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Title: Tunnel-structured K xTiO 2 nanorods by in situ carbothermal reduction as a long cycle and high rate anode for sodium-ion batteries

Abstract

Here, the low electronic conductivity and the sluggish sodium-ion diffusion in the compact crystal structure of Ti-based anodes seriously restrict their development in sodium-ion batteries. In this study, a new hollandite K xTiO 2 with large (2 × 2) tunnels is synthesized by a facile carbothermal reduction method, and its sodium storage performance is investigated. X-ray diffraction (XRD) and transmission electron microscopy (TEM) analyses illustrate the formation mechanism of the hollandite K xTiO 2 upon the carbothermal reduction process. Compared to the traditional layered or small (1 × 1) tunnel-type Ti-based materials, the hollandite K xTiO 2 with large (2 × 2) tunnels may accommodate more sodium ions and facilitate the Na + diffusion in the structure; thus, it is expected to get a large capacity and realize high rate capability. The synthesized K xTiO 2 with large (2 × 2) tunnels shows a stable reversible capacity of 131 mAh g –1 (nearly 3 times of (1 × 1) tunnel-structured Na 2Ti 6O 13) and superior cycling stability with no obvious capacity decay even after 1000 cycles, which is significantly better than the traditional layered Na 2Ti 3O 7 (only 40% of capacity retention in 20 cycles). Moreover, the carbothermalmore » process can naturally introduce oxygen vacancy and low-valent titanium as well as the surface carbon coating layer to the structure, which would greatly enhance the electronic conductivity of K xTiO 2 and thus endow this material high rate capability. With a good rate capability and long cyclability, this hollandite K xTiO 2 can serve as a new promising anode material for room-temperature long-life sodium-ion batteries for large-scale energy storage systems, and the carbothermal reduction method is believed to be an effective and facile way to develop novel Ti-based anodes with simultaneous carbon coating and Ti(III) self-doping.« less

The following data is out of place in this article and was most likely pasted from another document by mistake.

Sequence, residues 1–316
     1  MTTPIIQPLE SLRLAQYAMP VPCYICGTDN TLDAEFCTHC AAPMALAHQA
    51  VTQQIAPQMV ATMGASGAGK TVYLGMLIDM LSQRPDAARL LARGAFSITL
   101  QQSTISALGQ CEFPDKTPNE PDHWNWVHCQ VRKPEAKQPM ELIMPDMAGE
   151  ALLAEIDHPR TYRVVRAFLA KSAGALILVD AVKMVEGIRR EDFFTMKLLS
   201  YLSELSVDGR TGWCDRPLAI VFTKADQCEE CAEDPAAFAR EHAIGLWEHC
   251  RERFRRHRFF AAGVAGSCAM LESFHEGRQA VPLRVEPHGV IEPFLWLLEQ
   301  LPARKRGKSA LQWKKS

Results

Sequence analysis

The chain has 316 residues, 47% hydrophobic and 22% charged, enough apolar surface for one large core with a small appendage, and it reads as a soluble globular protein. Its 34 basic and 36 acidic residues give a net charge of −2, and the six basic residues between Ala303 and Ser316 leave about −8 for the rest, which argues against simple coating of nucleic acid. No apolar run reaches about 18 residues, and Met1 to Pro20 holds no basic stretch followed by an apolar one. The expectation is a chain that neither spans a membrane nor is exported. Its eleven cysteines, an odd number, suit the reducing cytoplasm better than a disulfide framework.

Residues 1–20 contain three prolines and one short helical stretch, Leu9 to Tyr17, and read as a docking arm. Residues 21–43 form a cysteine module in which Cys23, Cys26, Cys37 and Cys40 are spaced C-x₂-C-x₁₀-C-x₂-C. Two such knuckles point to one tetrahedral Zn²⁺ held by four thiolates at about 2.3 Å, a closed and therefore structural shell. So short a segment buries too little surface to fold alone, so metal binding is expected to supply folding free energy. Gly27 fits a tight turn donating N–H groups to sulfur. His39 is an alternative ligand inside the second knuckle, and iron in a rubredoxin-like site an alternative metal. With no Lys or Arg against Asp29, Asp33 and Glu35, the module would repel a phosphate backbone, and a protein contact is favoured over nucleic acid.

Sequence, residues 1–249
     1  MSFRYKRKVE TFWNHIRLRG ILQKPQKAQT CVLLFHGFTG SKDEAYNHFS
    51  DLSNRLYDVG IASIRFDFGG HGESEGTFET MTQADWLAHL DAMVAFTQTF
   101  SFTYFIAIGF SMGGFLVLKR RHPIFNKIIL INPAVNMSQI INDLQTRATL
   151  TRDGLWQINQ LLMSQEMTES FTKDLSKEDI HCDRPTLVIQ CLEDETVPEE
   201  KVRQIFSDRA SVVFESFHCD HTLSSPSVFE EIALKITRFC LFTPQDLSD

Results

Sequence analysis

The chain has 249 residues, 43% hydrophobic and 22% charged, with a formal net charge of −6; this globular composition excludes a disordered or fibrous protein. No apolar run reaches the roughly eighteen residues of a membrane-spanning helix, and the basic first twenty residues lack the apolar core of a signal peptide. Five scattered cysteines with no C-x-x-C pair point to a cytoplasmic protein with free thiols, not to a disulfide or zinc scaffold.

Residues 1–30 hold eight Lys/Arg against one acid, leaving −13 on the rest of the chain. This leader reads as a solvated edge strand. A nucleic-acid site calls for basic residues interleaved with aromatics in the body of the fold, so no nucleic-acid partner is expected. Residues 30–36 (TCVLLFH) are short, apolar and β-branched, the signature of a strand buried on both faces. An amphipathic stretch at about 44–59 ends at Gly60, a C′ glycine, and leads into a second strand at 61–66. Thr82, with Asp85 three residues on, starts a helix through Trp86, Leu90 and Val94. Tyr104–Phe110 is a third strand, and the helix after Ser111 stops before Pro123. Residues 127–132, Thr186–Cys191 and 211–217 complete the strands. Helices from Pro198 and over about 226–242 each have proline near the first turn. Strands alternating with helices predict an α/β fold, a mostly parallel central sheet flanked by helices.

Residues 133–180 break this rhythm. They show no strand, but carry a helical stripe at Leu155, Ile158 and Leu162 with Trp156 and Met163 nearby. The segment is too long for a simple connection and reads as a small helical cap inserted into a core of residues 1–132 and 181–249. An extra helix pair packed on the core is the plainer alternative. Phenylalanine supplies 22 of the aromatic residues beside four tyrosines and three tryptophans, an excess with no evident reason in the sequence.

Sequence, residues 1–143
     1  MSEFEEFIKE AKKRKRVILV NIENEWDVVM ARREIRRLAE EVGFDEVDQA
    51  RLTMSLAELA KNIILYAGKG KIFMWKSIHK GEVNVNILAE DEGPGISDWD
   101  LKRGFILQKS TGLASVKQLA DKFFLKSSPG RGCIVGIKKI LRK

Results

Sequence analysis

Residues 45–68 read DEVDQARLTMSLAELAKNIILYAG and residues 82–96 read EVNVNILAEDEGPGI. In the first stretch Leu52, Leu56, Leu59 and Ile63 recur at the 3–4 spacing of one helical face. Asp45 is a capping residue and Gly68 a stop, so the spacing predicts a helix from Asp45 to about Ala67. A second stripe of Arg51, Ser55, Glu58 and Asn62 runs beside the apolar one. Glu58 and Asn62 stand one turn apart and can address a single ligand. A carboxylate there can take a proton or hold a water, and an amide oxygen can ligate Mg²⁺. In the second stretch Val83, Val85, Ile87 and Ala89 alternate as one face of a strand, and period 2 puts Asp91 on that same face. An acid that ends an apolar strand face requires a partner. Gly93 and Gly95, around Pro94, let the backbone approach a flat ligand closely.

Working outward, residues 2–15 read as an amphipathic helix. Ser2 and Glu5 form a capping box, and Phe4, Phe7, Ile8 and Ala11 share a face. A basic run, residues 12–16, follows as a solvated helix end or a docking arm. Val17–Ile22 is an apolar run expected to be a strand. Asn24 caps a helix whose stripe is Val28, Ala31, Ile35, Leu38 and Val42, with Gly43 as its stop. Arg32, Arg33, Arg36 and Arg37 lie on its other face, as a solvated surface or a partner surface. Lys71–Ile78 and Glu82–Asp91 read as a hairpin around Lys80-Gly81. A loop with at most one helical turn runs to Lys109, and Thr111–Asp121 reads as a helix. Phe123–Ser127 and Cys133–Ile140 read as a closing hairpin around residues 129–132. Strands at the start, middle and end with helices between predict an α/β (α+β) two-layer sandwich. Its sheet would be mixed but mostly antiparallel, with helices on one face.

Authors:
 [1];  [1];  [1]; ORCiD logo [2];  [1]; ORCiD logo [1]; ORCiD logo [1]
  1. Huazhong Univ. of Science and Technology (HUST), Hubei (People's Republic of China)
  2. Brookhaven National Lab. (BNL), Upton, NY (United States)
Publication Date:
Research Org.:
Brookhaven National Lab. (BNL), Upton, NY (United States). Center for Functional Nanomaterials (CFN)
Sponsoring Org.:
USDOE Office of Science (SC), Basic Energy Sciences (BES) (SC-22)
OSTI Identifier:
1347366
Report Number(s):
BNL-113637-2017-JA
Journal ID: ISSN 1944-8244; R&D Project: 16060; 16060; KC0403020; TRN: US1700888
Grant/Contract Number:  
SC00112704
Resource Type:
Journal Article: Accepted Manuscript
Journal Name:
ACS Applied Materials and Interfaces
Additional Journal Information:
Journal Volume: 9; Journal Issue: 8; Journal ID: ISSN 1944-8244
Publisher:
American Chemical Society (ACS)
Country of Publication:
United States
Language:
English
Subject:
29 ENERGY PLANNING, POLICY, AND ECONOMY; sodium ion batteries; anode; hollandite; carbothermal reduction; tunnel structure; long cycle; high rate; Center for Functional Nanomaterials

Citation Formats